Goodbye, Guantánamo

A photo gallery from the US military base in Cuba

The Camp America area seen from a vehicle of the Guantanamo Bay Naval Station, an area in which the Cubans can't see from the hills. The U.S. Government is currently holding approximately 340 "enemy combatants" in Guantanamo Bay, Cuba. They were captured during the "Global War on Terrorism" after the attacks on the United States on September 11, 2001. This photo was reviewed by a U.S. Military official before transmission.

The fate of the United States military prison at Guantánamo Bay — the most politically, legally, and morally charged real estate in the world since January 11, 2002, when the first al Qaeda and Taliban combatants were taken there — is sealed. In the days after he stood before the US Capitol and said he would not sacrifice the rights of men for the sake of expedience, Barack Obama suspended the military trials of Toronto native Omar Khadr and twenty other men accused of terrorism, and issued an order to close the facility within a year. It will take the new American president some time to work out a viable alternative, and even then the consequences of his predecessor’s infamous military experiment will be with us for years to come. How Guantánamo is remembered will depend in part on what we learn about what went on inside its walls — but until now such information has been scarce.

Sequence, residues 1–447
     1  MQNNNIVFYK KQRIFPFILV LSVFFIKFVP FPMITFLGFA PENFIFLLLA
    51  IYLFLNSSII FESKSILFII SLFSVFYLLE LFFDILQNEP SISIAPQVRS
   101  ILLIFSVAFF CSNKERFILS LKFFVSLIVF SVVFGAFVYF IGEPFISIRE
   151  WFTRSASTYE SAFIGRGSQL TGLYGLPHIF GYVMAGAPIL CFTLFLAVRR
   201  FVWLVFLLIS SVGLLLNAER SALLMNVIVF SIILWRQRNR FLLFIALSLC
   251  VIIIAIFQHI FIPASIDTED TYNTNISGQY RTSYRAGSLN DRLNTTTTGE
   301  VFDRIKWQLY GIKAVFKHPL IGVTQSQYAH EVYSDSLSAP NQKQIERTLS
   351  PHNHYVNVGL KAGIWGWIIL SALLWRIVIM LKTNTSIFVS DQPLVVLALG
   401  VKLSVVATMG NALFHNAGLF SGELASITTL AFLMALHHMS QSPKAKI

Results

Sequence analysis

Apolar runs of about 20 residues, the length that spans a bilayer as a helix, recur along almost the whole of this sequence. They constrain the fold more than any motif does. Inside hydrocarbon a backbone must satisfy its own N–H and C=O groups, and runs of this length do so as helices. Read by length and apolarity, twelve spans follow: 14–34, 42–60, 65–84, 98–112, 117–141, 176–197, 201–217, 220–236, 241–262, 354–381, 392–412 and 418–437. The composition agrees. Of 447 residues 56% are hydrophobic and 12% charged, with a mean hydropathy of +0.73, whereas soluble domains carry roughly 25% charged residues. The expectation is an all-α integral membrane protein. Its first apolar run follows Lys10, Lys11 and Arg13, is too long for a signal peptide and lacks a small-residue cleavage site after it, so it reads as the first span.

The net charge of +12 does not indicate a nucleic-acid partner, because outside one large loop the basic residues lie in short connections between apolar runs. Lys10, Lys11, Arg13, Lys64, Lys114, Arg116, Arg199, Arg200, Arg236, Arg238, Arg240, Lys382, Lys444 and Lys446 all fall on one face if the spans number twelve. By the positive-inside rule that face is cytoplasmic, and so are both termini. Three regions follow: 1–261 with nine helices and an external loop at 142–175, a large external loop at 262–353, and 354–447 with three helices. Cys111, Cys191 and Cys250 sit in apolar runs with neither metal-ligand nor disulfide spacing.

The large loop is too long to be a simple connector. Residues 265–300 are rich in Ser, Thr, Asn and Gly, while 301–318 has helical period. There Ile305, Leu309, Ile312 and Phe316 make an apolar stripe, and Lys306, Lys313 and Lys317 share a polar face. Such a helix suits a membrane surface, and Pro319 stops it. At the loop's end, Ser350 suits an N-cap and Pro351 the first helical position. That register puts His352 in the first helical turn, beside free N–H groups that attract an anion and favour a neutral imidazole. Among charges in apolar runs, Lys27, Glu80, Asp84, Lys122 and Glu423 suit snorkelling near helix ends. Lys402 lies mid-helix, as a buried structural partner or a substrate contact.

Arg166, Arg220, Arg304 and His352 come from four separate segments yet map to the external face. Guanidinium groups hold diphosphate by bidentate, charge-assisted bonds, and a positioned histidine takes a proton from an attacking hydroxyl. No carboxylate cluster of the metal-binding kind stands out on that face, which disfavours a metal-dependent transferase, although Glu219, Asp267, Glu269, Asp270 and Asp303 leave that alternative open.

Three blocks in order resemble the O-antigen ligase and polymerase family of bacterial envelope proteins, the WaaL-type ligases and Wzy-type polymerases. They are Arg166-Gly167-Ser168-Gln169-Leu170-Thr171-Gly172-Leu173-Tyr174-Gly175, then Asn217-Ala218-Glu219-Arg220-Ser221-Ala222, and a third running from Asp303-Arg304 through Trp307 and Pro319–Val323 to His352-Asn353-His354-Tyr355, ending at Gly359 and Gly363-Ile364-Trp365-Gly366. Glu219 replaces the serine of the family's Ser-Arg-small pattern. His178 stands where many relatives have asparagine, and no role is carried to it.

In November 2007, Canadian photographer Louie Palu joined several journalists on a tightly scheduled, highly mediated US Department of Defense tour. He saw enough to justify a second trip, and after a year of lobbying he and a wire service photographer were granted extended access to places of interest, including some that had never before been photographed. He was even allowed to approach detainees, if only to ask permission to take their pictures. He did not see everything he wanted (DoD officials refused to respond to his queries about the rumoured Camp Seven, where “high-value” prisoners like Khalid Sheikh Mohammed are supposedly held), and was unable to keep every photograph he took, but his images and observations — reproduced in part on the following pages — are critical to our understanding of a place that will haunt us long after it’s gone.

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Louie Palu
Louie Palu has won many awards, and is a Bernard L. Schwartz Fellow with the New America Foundation.

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